Hyperparathyroidism is a situation where there is excessive production of parathyroid hormone (PTH) by parathyroid glands.


Parathyroid glands are four little bodies located within the thyroid gland. The cells are important because of production of PTH hormone. This hormone plays an irreplaceable role in calcium and bone metabolism. The main objective of PTH is to maintain normal level of calcium in the blood (calcemia). PTH can increase serum calcium by decalcification of bones and releasing calcium into the blood. In addition, PTH stimulates the production of vitamin D, which also increases calcium blood level (mainly by supporting calcium absorption from the gut). Excessive secretion of PTH may arise primarily or in response to other disorders.


Parathyroid glands
Schema - parathyroid glands (red)



Primary hyperparathyroidism

In this case, the problem is directly in the parathyroid gland. It is usually a benign tumor (adenoma), whose cells produce excessive amount of PTH. Much rarer malignant tumors of parathyroid gland with retained ability to produce PTH can have similar effect.

Secondary hyperparathyroidism

In this case, hyperparathyroidism is just a reaction to low level of calcium in the blood (hypocalcemia). It is a part of complex body reaction to normalize calcium concentration, and therefore the serum level calcium is in this case normal or even low (when the PTH action is not sufficient). Secondary hyperparathyroidism is typical in chronic renal failure.

Tertiary hyperparathyroidism

This state may follow the above mentioned secondary hyperparathyroidism when the situation gets out of control. Parathyroid glands are stimulated to produce excessive amounts of PTH, their cells multiply and they may cease to hang on control mechanisms of the body.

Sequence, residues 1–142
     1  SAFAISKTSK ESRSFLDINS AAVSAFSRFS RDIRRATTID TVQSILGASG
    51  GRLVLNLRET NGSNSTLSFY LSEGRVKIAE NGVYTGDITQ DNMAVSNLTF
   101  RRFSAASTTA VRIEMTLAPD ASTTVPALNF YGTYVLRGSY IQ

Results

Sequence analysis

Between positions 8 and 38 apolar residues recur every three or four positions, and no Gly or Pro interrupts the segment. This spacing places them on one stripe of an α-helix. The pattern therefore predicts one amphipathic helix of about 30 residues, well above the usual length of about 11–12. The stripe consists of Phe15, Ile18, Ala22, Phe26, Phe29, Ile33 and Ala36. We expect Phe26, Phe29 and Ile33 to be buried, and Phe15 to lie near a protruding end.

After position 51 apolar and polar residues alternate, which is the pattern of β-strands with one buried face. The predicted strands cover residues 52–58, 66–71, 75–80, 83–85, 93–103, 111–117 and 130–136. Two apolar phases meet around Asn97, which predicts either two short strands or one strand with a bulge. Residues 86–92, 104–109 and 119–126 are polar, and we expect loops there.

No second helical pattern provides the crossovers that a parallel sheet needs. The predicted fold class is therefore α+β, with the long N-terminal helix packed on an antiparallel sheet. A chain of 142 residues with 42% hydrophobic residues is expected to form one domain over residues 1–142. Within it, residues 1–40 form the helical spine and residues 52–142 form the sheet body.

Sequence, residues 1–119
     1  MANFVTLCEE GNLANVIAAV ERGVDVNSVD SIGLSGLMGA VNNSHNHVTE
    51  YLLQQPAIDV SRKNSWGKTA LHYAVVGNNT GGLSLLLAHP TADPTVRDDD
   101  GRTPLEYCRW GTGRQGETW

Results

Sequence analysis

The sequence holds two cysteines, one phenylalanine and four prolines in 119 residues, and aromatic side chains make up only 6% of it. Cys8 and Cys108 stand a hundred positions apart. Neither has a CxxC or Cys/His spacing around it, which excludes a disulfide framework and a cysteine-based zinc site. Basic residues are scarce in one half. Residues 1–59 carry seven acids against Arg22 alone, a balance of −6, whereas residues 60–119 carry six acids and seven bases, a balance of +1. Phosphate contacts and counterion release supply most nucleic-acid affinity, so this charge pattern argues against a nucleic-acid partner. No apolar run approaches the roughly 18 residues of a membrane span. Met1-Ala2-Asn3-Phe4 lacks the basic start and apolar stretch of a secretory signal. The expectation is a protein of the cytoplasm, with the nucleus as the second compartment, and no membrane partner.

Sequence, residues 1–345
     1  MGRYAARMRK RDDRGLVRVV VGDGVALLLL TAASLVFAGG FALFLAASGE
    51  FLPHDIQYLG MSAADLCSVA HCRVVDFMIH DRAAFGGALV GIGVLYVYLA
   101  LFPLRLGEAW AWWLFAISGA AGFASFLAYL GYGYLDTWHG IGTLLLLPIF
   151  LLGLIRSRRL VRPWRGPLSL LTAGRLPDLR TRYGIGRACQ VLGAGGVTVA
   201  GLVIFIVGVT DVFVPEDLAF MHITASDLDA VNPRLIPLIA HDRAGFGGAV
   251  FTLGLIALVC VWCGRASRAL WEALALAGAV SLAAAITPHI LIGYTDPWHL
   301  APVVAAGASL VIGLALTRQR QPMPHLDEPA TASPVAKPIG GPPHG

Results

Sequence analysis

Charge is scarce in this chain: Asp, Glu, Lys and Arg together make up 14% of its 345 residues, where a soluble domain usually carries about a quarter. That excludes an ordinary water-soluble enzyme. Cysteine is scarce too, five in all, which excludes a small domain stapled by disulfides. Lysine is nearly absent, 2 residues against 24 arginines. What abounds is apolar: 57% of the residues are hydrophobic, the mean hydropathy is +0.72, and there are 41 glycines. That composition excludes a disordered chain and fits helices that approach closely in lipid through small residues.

In primary hyperparathyroidism we usually find hypercalcemia (high blood calcium level). This condition manifests with weakness, fatigue, apathy, tendency to constipation and some ECG changes including arrhythmias or (in the worst case) even sudden cardiac arrest. In addition, there may be symptoms of bones decalcification. The bones are soft, easily deform, break and so-called pathologic fractures occur. In secondary (and tertiary) hyperparathyroidism the cause is low calcium level, which more or less normalizes due to actions of PTH and therefore, bone symptoms dominate. In chronic renal failure this is referred to as renal osteodystrophy (kidney-related disorders of bone metabolism).


Note: Once again, elevated level of parathyroid hormone (i.e. hyperparathyroidism) does not automatically correspond with elevation of blood calcium level. It may be increased, normal, or decreased. It depends on the type and the underlying cause of hyperparathyroidism!


Suspicion of primary hyperparathyroidism can arise when there is an incidental finding of hypercalcemia in the blood tests. Direct evaluation of PTH blood level is advisable. A patient with elevated PTH level of an unknown cause should have a neck ultrasound to exclude any parathyroid tumors. When evaluating calcium metabolism, it is always important to know vitamin D blood level, phosphate blood level and renal parameters to exclude chronic kidney failure.


It is necessary to treat the underlying cause, if possible. In primary hyperparathyroidism we try to remove the tumor producing PTH. In secondary (and tertiary) hyperparathyroidism, it is necessary to treat the underlying disease that led to hypocalcemia (e.g. renal failure) and regularly administer the patient calcium and vitamin D as dietary supplement.


Jiri Stefanek, MD  Author of texts: Jiri Stefanek, MD
 Contact: jiri.stefanek@seznam.cz
 Sources: basic text sources